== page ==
Wednesday, December 2, 2009

Ahmadinejad, the libertarian

The NYT reports:

If it goes awry, the plan to phase out Iran’s system of state subsidies, which has existed for decades, could profoundly destabilize the government of Mahmoud Ahmadinejad, who has aggressively championed change. But it could also help wean Iran from its dependence on foreign gasoline and insulate the economy from new sanctions — which are a strong possibility if Iran continues to defy Western pressure over its nuclear program.

The Times claims that the subsidies are regressive, because the rich have more money and buy more goods. I have to admit that I don't remember ever having heard of subsidies being described as progressive or regressive, but it seems to me that this is actually a flat subsidy, in that it rises and falls at about the same rate as one's income.

But anyway, I digress. Here's the most interesting part of the article:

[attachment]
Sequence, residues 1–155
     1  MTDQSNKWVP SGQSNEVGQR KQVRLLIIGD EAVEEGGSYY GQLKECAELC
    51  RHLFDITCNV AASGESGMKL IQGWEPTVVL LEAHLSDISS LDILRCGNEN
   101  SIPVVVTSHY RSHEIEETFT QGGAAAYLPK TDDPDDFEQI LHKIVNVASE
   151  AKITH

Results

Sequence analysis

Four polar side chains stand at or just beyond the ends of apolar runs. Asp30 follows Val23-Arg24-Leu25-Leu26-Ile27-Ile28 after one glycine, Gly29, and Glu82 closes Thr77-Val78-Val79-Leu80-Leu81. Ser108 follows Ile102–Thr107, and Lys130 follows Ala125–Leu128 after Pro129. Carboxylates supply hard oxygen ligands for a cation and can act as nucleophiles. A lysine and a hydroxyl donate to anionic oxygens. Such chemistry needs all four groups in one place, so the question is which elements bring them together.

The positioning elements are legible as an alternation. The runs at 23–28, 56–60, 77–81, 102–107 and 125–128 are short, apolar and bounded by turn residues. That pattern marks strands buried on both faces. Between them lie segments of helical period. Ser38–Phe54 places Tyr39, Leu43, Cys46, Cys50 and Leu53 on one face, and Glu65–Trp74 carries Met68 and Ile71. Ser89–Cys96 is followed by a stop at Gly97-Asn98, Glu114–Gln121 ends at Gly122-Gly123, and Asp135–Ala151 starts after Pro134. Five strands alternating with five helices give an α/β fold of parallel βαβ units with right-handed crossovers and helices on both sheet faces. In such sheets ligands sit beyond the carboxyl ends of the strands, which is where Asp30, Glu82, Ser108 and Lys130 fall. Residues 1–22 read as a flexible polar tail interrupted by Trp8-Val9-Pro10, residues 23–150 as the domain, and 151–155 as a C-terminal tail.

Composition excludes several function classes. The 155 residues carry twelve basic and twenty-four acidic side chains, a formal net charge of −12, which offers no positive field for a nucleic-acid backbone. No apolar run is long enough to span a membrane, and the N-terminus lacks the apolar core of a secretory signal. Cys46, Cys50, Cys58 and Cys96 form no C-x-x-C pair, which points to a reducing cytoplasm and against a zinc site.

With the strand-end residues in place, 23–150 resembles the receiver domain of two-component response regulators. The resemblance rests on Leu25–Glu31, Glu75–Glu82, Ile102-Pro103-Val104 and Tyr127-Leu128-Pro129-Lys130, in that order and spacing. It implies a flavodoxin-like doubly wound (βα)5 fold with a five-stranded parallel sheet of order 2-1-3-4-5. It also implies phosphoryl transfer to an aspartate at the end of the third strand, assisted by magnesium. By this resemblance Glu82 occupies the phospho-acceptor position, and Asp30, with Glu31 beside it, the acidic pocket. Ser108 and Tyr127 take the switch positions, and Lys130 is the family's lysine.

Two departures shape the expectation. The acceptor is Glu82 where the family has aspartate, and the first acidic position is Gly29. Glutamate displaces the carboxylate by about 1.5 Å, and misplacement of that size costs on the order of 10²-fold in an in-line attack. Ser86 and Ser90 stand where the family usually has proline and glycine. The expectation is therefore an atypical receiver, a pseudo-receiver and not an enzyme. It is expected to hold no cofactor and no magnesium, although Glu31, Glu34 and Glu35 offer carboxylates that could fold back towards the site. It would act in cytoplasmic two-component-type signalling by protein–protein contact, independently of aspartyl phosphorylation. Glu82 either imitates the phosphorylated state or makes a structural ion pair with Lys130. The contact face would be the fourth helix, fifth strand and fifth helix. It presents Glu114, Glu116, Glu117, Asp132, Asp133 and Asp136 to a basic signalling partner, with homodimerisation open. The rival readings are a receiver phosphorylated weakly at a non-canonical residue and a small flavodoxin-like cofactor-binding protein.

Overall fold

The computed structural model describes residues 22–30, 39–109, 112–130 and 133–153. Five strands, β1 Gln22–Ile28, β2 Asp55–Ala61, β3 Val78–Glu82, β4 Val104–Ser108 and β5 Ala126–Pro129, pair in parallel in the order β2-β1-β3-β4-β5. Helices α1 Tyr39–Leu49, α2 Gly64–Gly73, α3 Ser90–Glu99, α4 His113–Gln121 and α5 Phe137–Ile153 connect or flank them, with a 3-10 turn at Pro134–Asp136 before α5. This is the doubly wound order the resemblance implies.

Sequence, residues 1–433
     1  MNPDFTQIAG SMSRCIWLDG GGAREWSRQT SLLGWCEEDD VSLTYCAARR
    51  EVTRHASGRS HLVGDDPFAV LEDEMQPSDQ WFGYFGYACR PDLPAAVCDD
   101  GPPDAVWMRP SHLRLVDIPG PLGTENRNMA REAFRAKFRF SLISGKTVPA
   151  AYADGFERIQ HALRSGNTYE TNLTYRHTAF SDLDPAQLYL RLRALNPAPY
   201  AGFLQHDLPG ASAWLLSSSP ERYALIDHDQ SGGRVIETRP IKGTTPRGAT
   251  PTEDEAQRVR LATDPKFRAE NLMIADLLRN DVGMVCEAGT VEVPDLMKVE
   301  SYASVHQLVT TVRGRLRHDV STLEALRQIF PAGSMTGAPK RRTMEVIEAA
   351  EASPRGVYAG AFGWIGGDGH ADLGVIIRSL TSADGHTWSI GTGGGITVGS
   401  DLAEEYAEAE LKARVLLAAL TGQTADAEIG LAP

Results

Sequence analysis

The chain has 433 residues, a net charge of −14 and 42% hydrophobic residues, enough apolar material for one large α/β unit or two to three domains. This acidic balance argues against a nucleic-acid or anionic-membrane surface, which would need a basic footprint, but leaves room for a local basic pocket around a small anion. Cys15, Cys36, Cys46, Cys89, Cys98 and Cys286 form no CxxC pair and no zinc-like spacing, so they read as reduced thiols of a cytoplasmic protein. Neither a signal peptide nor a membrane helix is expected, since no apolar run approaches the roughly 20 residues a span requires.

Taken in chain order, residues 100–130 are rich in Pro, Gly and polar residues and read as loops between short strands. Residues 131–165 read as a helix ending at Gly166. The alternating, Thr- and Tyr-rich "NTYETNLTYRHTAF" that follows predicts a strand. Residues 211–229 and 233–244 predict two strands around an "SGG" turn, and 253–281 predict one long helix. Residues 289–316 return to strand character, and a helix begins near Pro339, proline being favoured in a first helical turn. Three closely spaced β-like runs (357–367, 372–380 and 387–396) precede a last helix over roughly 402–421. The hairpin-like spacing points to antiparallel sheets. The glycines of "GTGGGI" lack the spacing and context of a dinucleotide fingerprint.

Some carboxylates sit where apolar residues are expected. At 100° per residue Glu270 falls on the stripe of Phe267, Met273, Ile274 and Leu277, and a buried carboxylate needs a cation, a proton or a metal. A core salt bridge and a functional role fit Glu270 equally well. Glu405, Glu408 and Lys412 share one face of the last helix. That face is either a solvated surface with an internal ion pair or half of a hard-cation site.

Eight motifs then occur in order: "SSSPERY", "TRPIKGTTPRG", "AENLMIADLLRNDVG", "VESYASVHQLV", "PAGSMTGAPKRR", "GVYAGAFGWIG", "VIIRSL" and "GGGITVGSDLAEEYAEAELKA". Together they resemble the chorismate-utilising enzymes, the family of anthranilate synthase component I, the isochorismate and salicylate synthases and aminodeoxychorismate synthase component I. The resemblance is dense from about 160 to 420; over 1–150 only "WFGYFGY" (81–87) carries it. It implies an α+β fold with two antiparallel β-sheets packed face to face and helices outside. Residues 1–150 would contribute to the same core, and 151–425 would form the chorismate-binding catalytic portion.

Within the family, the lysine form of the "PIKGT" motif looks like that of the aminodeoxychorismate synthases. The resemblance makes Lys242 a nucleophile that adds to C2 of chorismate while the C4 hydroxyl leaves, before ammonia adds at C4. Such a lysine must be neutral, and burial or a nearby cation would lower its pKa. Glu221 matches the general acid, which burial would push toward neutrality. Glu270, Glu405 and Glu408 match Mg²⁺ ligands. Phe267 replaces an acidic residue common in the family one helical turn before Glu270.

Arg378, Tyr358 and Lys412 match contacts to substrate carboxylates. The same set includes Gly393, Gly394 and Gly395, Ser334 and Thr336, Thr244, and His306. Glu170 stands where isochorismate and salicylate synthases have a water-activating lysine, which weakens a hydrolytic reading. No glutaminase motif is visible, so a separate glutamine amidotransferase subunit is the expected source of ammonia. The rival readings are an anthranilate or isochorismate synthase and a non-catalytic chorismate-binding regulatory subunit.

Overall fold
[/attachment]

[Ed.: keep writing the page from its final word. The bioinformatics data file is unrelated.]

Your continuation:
Oddly, one thing that might make subsidies reform easier is more sanctions, the tool most widely discussed by Western leaders as a final option to put pressure on Iran if current nuclear negotiations fail. Economic sanctions or a gasoline embargo (assuming one could even be organized) would force down consumption and help the Iranian government’s finances, because there would be no more need to pay for gasoline imports, Mr. Parsi said. That could disguise the pain of subsidies reform, allowing the government to blame the West for any ensuing inflation.

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